Beck ~ Guitar
Rob Bender ~ Drums (2000 Reunion)
Randy Flemetis ~ Vocals
Joey Gurr ~ Bass
Gary McKinney ~ Piano
Dan Stritmatter ~ Drums
In Memory of
1950 - 2003
The Boss Tweed started out as a four or five kids in a converted garage in Raymond, Washington trying to emulate the Beatles. In that, we weren't all that different from bunches of other teenage boys in the mid-60s, trying to learn the chords to She Loves You and pretending thousands of girls would scream when you shook your hair (Leaving aside the fact that you couldn't grow it long enough to shake and still be allowed in school).
First came the guitars — a Stella bought at Lloyd's Center in Portland for me (well, actually my first guitar was a dobro; man, was it hard to play chords with really high action and only painted on frets!) — and then the roles: who's the singer, who plays bass. The group began with me on guitar, Joe Gurr on bass, and Randy Flemetis on vocals. When we added Danny Stritmatter on drums (two years younger than the rest of us) and bought amps and electric instruments, we even took a name, The Squires, and painted it on Danny's bass drum head. Later, as pop music got more serious, we changed it to “A Purple” as a way to be more memorable (people would always have to ask, “A purple what?” we thought). Neither The Squires nor A Purple really played anywhere for money, just a few parties and a talent show at school.
Eventually we added Gary McKinney on keyboards — a Farfisa compact and a Wurlitzer piano (Man, did the reeds on that Wurlitzer go out or what!) — and we took the name The Boss Tweed.
The Boss Tweed actually played gigs and earned money. The first real gig (at least that I remember) was for a prom at Ilwaco High School. We showed up with our “boss” tweed vests to play for all of the tuxedoed and gowned students. That gig was followed by dates at dances for Raymond High School, the IWA Hall, even Fort Lewis. The latter was our prize for winning a battle of the bands at the Grays Harbor County Fair, where our victory was sealed with a dramatic version of Wild Thing.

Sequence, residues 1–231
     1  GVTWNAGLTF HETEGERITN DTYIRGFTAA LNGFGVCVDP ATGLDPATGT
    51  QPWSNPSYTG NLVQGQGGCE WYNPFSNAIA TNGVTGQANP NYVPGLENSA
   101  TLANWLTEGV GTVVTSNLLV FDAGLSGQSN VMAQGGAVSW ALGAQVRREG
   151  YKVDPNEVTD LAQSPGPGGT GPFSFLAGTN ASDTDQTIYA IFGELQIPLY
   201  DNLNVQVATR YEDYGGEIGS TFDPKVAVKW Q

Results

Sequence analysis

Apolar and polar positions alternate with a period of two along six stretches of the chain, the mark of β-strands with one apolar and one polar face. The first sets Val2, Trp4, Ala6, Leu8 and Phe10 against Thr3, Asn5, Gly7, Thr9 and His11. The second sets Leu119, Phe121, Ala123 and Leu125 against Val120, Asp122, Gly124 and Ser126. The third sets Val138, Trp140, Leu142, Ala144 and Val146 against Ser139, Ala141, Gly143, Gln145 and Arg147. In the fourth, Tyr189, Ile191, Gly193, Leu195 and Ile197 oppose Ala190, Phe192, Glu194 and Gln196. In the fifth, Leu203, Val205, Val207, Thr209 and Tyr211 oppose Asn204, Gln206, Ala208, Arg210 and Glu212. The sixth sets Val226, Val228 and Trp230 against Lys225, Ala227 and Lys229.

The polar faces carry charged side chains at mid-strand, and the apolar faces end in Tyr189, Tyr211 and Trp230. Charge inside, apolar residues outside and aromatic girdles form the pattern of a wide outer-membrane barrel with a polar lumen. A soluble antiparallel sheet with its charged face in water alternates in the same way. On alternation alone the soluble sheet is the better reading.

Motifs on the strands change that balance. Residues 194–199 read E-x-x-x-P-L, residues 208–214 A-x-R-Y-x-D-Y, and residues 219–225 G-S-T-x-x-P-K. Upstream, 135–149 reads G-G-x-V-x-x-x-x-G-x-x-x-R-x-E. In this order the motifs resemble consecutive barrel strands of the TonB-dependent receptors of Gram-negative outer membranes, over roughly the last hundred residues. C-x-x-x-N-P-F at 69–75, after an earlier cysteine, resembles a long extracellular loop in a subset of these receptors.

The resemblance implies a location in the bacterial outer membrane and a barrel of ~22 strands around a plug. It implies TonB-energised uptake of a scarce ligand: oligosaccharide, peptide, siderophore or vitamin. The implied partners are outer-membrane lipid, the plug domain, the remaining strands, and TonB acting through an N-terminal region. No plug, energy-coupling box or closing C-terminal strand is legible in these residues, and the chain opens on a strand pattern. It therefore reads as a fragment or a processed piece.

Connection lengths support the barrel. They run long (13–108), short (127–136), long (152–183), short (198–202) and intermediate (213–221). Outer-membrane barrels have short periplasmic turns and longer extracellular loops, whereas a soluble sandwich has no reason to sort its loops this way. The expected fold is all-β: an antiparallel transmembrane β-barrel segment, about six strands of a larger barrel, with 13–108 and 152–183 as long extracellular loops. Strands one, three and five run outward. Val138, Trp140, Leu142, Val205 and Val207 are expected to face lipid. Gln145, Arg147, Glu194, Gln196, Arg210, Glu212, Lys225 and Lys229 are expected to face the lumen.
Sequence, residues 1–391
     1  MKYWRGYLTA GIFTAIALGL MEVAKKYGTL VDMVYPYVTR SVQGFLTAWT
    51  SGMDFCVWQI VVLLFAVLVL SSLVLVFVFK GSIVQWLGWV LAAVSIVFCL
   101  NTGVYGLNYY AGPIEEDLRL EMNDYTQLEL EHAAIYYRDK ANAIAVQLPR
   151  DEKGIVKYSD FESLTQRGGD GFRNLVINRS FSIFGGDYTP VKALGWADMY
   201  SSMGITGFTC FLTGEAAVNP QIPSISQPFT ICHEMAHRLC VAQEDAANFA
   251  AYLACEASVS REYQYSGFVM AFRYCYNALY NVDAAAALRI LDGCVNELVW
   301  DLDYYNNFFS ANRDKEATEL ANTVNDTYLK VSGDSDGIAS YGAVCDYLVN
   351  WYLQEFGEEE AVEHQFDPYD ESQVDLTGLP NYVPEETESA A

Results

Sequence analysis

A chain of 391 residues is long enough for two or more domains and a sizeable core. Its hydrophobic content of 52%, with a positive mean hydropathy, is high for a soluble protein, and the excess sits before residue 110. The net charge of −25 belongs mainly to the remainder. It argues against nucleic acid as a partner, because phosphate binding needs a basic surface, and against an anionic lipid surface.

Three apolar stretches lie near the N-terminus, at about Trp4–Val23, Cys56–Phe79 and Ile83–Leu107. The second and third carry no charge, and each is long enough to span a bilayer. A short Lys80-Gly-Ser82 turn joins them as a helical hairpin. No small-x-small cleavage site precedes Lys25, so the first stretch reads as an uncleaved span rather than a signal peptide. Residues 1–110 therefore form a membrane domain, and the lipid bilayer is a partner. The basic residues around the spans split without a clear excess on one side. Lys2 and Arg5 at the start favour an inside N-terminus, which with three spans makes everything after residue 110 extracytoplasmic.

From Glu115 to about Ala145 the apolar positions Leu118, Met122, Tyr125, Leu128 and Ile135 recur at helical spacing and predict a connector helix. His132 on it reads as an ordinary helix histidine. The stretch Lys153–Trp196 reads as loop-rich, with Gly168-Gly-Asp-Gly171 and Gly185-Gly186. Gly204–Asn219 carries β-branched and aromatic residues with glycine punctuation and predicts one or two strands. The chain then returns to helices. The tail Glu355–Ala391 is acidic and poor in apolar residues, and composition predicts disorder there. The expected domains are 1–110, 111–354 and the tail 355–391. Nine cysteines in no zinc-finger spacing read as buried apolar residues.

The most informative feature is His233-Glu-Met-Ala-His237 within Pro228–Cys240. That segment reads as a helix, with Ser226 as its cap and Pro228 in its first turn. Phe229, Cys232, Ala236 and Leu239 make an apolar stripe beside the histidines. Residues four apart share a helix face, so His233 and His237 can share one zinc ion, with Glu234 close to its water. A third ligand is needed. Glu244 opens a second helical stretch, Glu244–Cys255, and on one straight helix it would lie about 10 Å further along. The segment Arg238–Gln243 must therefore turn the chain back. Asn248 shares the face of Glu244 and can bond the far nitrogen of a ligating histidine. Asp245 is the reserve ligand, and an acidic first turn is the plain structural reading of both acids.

The Boss Tweed didn't get that many gigs, really; there were other bands more popular (and probably more skilled) in southwest Washington than we were. The biggest rivalry was between us and the Henchmen. We were the Beatles to their Stones. They were tighter, more rocking (they did a great version of Train Kept A’Rollin’) while we were more intellectual (at one point, our act included a light show and the smashing of a television while playing the Velvet Underground's “Heroin”) and probably a lot harder to dance to. We had fun, though.
The band broke up when I was recruited to play in the Smiling Castle in 1967 (by Toby, the former drummer from the Henchmen). Various members of the Boss Tweed did end up playing together in different bands over the years. Whistlin’ Rufus (1970) was basically the Boss Tweed with Rob Bender instead of Dan on drums. Two or more of the Boss Tweed members have played together in Metropolis, Chakra, Kid Chrysler and the Cruisers, and others I don't know or don't remember. We also played several performances in the city park in Raymond in ’68 and ’69, performances that prominently featured the dancing of Dog Man (may he rest in peace).
We did get back together in the summer of 2000 to play two gigs — on the same day — for the celebration/wake for the old Raymond High School building. Rob Bender replaced Dan Stritmatter (who hasn't played in years) but everyone else was original. We sounded way better in 2000 than we ever did in the ‘60s.
Gary lives in Bellingham and continues to play in a ‘50s band and Zoot Rudy. Randy lives in Raymond where he's on the City Council. Joe lives in Wisconsin and continues playing in various bands. Dan lives in Chicago, And I live in Oakland, CA where I have a band that plays sambas, swing, son, funk, and a little rock with lots of vocals.
Brad Beck, September 2002
The Boss Tweed resurfaced first in the Raymond Swimming Pool concerts during the summer of '68 and as Whistlin' Rufus, with Rob Bender replacing Dan Stritmatter on drums, during the Summer of 1970. Gary, Brad, and Rob were in the Cosmic Kids during the Summer of 1969.
Brad Beck, October 2002
The second Boss Tweed reunion will happen the weekend of August 2nd, 2003 as part of the celebration for the new Raymond High School building.
It will be a sad reunion since the bass player for the Boss Tweed, Joe Gurr, died yesterday (July 28, 2003) of a heart attack in Wisconsin at the age of 52. He would have been 53 later in August of this year. Born 1950 in Raymond, Washington and died 2003 in Hazelhurst, Wisconsin.
This Definitely is going to be a sad reunion.
Brad Beck, July 2003